By the time they enter kindergarten, 1 out of 4 African-American boys in California expect to never be successful, according to last year’s findings by the state’s Assembly. In response, schools and various organizations in Oakland are focusing their energies to reverse the fortunes of young Black boys and men in the state.
PBS NewsHour aired a special report on Tuesday focusing on the efforts of American Graduate Project group, which is working to reverse the trend of high school dropouts. As host Gwen Ifill opened the segment, the clip quickly opened with Sizwe Abakah, who teaches the manhood development class at Oakland’s Skyline High School. Abakah is one of a dozen teachers working to help the boys graduate.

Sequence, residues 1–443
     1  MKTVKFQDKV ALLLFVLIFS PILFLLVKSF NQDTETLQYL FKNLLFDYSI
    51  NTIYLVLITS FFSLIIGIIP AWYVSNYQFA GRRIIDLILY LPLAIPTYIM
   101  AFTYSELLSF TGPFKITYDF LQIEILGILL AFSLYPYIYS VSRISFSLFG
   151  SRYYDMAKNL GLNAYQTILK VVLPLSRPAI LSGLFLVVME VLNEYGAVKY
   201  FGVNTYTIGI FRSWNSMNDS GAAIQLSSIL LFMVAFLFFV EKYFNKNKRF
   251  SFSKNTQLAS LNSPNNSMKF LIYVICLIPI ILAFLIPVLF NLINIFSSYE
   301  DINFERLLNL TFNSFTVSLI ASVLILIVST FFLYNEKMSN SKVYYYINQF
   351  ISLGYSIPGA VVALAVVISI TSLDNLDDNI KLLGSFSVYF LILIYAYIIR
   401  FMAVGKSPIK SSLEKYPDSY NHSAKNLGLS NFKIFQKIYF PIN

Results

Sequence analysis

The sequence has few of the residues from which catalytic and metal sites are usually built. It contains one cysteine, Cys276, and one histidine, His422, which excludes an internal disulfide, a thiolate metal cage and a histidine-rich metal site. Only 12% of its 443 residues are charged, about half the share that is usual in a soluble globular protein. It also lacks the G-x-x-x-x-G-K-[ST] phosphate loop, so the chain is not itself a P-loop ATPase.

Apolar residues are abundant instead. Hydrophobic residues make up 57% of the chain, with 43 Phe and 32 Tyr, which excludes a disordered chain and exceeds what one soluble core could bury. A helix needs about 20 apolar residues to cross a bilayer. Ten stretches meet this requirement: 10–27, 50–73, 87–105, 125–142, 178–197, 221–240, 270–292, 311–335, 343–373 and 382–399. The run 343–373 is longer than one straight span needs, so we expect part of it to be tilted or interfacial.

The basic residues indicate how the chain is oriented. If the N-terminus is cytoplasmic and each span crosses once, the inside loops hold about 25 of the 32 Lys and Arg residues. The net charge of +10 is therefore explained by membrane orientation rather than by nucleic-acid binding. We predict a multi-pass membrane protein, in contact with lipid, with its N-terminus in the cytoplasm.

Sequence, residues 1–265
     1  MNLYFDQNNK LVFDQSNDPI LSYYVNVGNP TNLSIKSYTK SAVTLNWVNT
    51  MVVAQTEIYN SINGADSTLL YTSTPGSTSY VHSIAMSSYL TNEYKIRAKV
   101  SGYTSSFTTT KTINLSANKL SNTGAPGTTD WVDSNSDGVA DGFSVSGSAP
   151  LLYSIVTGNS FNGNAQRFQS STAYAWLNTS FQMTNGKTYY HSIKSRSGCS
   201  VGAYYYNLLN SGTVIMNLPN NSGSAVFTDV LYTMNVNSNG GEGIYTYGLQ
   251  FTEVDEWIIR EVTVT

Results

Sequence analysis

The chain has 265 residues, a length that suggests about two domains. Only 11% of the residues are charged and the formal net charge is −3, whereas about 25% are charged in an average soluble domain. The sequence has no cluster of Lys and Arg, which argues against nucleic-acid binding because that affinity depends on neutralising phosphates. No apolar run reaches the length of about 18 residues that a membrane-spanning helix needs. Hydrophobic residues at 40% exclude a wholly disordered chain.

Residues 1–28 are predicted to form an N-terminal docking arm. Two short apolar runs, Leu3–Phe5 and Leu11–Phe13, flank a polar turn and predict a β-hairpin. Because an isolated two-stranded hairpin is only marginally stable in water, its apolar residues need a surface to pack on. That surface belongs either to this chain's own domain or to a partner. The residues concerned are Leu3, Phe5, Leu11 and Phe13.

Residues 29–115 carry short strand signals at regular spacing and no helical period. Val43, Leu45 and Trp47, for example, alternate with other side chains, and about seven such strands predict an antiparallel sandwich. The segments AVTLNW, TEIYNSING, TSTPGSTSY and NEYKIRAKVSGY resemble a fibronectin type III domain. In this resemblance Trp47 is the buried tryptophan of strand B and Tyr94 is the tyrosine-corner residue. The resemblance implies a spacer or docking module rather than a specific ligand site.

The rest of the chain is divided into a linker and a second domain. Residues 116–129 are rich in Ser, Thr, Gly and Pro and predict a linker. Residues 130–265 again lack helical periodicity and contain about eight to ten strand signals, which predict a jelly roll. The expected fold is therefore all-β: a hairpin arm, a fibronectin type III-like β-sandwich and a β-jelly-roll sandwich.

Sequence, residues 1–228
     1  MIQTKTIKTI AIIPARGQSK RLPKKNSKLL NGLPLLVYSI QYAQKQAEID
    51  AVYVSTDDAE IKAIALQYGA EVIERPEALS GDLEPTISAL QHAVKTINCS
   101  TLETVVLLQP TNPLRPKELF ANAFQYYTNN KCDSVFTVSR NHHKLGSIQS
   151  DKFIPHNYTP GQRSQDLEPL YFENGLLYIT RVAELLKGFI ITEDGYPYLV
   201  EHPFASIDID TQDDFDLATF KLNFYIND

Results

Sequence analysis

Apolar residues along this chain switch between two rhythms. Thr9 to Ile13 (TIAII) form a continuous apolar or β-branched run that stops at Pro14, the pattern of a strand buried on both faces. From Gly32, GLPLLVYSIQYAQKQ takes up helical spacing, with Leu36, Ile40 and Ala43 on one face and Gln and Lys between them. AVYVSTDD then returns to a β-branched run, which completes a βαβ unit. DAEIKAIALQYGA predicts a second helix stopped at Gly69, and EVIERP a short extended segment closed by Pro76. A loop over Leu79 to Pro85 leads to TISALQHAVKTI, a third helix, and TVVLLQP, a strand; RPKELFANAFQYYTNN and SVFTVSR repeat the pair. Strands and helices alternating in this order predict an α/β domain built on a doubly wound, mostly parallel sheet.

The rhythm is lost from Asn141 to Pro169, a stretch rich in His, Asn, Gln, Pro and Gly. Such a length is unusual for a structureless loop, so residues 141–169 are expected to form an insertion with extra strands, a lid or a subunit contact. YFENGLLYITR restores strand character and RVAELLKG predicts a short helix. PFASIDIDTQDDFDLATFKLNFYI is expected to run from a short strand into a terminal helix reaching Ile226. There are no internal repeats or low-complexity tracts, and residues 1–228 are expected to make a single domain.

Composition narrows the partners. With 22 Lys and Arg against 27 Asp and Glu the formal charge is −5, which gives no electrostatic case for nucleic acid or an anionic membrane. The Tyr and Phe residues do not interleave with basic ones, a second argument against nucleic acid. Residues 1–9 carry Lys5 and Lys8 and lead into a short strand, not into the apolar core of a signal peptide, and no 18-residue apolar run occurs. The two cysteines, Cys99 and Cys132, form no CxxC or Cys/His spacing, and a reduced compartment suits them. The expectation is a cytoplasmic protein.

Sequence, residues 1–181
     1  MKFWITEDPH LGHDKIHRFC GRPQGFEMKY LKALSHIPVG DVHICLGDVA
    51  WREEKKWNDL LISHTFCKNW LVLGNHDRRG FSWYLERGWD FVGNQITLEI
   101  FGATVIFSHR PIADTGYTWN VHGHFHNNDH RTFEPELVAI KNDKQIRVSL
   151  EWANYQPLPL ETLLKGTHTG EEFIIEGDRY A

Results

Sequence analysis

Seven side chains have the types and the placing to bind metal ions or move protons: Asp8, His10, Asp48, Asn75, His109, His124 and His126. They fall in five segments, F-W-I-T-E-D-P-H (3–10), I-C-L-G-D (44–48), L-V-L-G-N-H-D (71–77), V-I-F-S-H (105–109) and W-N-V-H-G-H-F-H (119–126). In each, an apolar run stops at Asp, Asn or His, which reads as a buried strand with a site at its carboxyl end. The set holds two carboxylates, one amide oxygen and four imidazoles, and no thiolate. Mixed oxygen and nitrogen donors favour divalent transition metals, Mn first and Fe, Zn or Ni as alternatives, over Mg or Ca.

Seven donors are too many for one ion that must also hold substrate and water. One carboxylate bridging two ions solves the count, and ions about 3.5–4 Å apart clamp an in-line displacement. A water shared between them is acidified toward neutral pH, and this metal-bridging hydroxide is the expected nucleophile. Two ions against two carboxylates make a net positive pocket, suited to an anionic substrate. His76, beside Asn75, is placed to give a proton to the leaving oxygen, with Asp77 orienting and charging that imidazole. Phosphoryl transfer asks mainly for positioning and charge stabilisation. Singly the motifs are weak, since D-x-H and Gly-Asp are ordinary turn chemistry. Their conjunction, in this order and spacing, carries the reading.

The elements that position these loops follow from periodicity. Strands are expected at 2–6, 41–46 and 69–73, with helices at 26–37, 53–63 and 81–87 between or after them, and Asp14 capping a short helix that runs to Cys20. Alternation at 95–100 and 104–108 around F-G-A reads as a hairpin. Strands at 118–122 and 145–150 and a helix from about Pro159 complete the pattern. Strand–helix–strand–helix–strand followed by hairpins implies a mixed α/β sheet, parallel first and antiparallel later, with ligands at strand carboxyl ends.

“We’re trying to make transformations,” shares Abakah. “A lot of our brothers are failing disproportionately. Like, if we look at the statistics in Oakland, we’re the highest in everything we don’t need to be in.”
This sobering fact was backed up by Junious Williams, CEO of the Urban Strategies Council. “You will see higher rates of dropout, lower rates of graduation, higher rates of chronic absence, higher rates of suspension,” said Williams. Williams’ group joined forces with the Oakland School District, which later spawned the Office of African-American Male Achievement.
“One of the strategies with our manhood-development classes and just getting eye level with the youth is, how do we put kind of the swag back in education, in learning,” said Chris Chatmon, the Office of African-American Male Achievement CEO.
Watch PBSNewsHour’s segment on “Transforming School Experience for African-American Boys” in the video.